Yashica J and J2 (Ninja Star) Mini-Review – Back to the 80s – By Meifei Tang

I’m not fully loaded with all the best gear in town like it seems some photo bloggers, Instagrammers, and what-have-yous. I don’t have all the Leicas, Hasselblads, and so on. But I’ve always come from the belief that it’s the person’s vision and skill that matters. Besides, not everyone can afford all the high-end gear. People like me do make the best out of our resources and sometimes get a little experimental with how to stretch our budgets.

Luckily, here in the Middle Kingdom, one of the big apps (or maybe the only app) for second-hand items called ‘Xianyu’ (translates as ‘leisure fish’) is great for finding good deals for cameras and lenses. I downloaded the app upon a recommendation from some friends and one day, I thought why not get a cheap compact camera and see if this app is worth keeping.

The first couple of purchases I made were of the Yashica J2 and J. These are known as ‘Ninja Star’ outside Asia. They were priced at ¥50/each, which is less than US $10. For that money, if they arrived defective, I wouldn’t feel too bad.

Yashica J or Ninja Star

I consider the Yashica J and J2 to be the poor man’s T series. Both cameras are made in the 80s and boy oh boy, they are clunky. The automatic film transport makes a lot of noise, and it just reminds me how the 80s were – big, loud, chunky, and funky. Aside from that, they are just basic, mostly plastic, point and shoot cameras. The difference between the two is that the Yashica J2’s flash is automatic compared to the J. With the J, there is more control over the flash.

When I got them, I had to clean the gunk left by the stickers previously on the camera. I put in two AA batteries and voila! Both powered like they was brand new.

I bought and shot both of these cameras pre-covid. I first took the Yashica J2 on a trip to Kunming, Yunnan Province in China and brought two cheap rolls, a Fuji C200 and a Kodak Color Plus 200. It was a good size to travel with given I was traveling with an eight-month-old kid. After this trip, I was amazed with the scans from the lab. The camera and film captured the colors of the city.

I decided to take the Yashica J to somewhere just in my city of Shenzhen. I got an expired roll of Agfa Vista 200 and shot stuff during a night event I attended. The scans came out giving me a late 90s vibe which takes me back to my high school years.

The Yashica J and J2 delivered great images both at day and night. The photos are sharp with great colours and despite the clunkiness, the cameras are still easy to shoot, especially for people who are handling their kids! I’d say they do deserve the other name – they are quite the ninja!


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12 thoughts on “Yashica J and J2 (Ninja Star) Mini-Review – Back to the 80s – By Meifei Tang”

  1. Well the cameras might be cheap, but the photos hardly show it. I like the three semi-symmetrical shots in particular, although the one with the steps looks like it could have been a bit sharper (movement?)
    A good demonstration that it is less what camera you point than what you point it at and where you choose to stand that matters…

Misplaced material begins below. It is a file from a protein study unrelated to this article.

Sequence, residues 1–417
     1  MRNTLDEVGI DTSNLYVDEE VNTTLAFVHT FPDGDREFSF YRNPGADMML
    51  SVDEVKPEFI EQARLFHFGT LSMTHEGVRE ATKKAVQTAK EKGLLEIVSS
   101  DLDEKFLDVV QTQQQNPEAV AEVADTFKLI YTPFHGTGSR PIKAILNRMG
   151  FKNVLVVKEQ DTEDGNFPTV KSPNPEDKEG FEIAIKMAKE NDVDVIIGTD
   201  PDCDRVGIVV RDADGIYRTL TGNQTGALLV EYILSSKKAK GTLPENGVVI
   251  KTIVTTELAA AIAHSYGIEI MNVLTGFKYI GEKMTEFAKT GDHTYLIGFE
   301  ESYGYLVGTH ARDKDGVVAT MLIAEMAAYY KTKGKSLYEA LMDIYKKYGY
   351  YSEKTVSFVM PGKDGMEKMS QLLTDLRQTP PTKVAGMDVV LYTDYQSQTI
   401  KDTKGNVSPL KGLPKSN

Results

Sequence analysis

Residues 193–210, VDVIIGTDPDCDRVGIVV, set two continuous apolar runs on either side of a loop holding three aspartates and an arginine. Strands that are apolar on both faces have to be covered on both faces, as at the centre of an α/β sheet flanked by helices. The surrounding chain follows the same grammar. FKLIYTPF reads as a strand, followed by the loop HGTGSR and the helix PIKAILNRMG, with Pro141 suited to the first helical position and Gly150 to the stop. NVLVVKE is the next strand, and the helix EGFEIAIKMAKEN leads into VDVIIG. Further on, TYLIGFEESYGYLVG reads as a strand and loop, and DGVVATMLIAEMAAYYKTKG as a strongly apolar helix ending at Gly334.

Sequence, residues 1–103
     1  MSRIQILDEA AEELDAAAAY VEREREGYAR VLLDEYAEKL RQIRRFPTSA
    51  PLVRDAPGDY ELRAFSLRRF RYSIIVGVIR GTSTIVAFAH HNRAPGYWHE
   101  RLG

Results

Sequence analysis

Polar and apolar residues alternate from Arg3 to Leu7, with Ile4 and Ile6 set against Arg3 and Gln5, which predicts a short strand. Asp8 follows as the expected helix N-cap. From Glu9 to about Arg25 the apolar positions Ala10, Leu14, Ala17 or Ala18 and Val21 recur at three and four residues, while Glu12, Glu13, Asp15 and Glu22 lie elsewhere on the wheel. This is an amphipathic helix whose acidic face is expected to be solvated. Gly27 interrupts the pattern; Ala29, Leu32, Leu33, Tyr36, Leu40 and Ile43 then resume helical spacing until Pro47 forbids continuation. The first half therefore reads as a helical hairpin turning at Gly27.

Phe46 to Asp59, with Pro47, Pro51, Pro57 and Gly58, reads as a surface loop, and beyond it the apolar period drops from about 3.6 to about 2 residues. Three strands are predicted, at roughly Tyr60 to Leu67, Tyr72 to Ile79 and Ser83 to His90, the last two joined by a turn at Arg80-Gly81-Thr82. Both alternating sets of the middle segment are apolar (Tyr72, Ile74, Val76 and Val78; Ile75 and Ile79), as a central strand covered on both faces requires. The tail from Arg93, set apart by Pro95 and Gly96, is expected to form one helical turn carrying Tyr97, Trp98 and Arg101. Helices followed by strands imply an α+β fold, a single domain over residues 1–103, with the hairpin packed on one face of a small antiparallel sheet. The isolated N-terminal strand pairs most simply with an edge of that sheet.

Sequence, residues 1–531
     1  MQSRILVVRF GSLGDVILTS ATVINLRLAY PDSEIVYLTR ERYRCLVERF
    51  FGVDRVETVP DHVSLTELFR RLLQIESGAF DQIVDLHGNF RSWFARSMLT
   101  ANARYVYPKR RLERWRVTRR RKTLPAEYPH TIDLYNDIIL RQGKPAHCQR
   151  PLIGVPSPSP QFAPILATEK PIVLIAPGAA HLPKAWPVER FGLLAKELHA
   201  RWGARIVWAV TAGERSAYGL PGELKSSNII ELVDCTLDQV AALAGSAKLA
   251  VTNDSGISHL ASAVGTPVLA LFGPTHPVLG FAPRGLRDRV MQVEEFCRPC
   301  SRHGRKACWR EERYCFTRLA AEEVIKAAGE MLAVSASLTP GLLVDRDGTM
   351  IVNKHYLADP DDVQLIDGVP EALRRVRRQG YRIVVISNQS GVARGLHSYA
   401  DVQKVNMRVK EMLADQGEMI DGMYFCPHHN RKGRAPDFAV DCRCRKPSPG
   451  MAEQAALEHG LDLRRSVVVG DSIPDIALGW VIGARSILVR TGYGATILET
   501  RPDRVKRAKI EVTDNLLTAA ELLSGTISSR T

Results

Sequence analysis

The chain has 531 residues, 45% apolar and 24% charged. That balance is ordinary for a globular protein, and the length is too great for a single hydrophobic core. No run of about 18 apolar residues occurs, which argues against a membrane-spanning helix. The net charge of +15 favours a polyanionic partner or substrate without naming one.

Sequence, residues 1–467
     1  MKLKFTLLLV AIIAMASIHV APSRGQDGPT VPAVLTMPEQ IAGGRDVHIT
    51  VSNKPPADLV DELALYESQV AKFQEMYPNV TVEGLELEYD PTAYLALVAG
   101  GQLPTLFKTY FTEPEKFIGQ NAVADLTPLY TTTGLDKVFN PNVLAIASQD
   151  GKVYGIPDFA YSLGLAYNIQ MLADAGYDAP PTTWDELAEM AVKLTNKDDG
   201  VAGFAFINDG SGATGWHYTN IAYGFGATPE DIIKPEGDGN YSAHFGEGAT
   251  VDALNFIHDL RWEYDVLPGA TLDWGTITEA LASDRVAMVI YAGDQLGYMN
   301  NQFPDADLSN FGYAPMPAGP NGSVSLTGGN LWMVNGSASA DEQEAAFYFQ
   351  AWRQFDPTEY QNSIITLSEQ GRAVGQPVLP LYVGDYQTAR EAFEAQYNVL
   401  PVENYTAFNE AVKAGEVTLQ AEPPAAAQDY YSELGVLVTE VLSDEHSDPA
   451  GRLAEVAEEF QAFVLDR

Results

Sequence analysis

1. Thank you! I did notice some were not as sharp, especially since I’m usually walking or on a bicycle when taking photos for most of the daytime photos I posted.

  2. Prices for this camera on Ebay right now (United States) range from $30 for non-working parts cameras to over $100 for mint versions from Japan.

  3. I have a Ninja Star (in blue) that I totally enjoying shooting with. As you note, it’s a simple camera, but it’s perfect for carrying in a handlebar bag on my bike. I just need to grab the camera, open the lens cover, and shoot. The results are consistently great–on par with my Yashica T3, but perhaps even better because I spent almost nothing to buy the Ninja Star!

  4. Very nice article. I like the first picture with the red gate. 4th picture where the wall has the cross-like openings – what is their purpose? Decorative?

    1. I think the crosses were more decorative. I just stumbled to find it on a walk to an appointment so didn’t have much time to explore.

  5. Yashica used this 32mm 4-element lens in several cameras over the years, and it really is a nice lens.
    The Yashica J. in the picture is acually the “J. Motor”. A fixed focus version with a portrait setting that can be used by sliding that slider-knob thing under the lens. I guess that makes it a two-zone zone focus camera.
    There is also a “regular” J. autofocus version that lets you disable auto-flash by pushing down a spring loaded knob that rises when the flash is charging. I think on the J2 there is no way to disable the flash.

  6. The daylight images here are really bold and striking — credit for those to the eye behind the camera. The flash ones look like — well, small-camera direct flash, but no fancy T-something (I sold mine) would have done any better.

    So I think this shows what you intended: you can’t always get what you want but you can sometimes get more than you paid for.

  7. Hey Meifei, it’s nice to see a compatriot writing here on 35mmc.

    Though I shoot with Leica (also purchased from Xianyu!), I agree it’s not the gear that matters but the person behind and the scene in front of it. Those photos shot at night do have 90s vibe especially China’s Karaoke from that era where we used to go with our parents right? Haha, looking forward to seeing your future posts!

    1. Yuze, Thank you! Will try my best to post more. I am happy to find a compatriot in here! The night photos are so 90s KTV places indeed.

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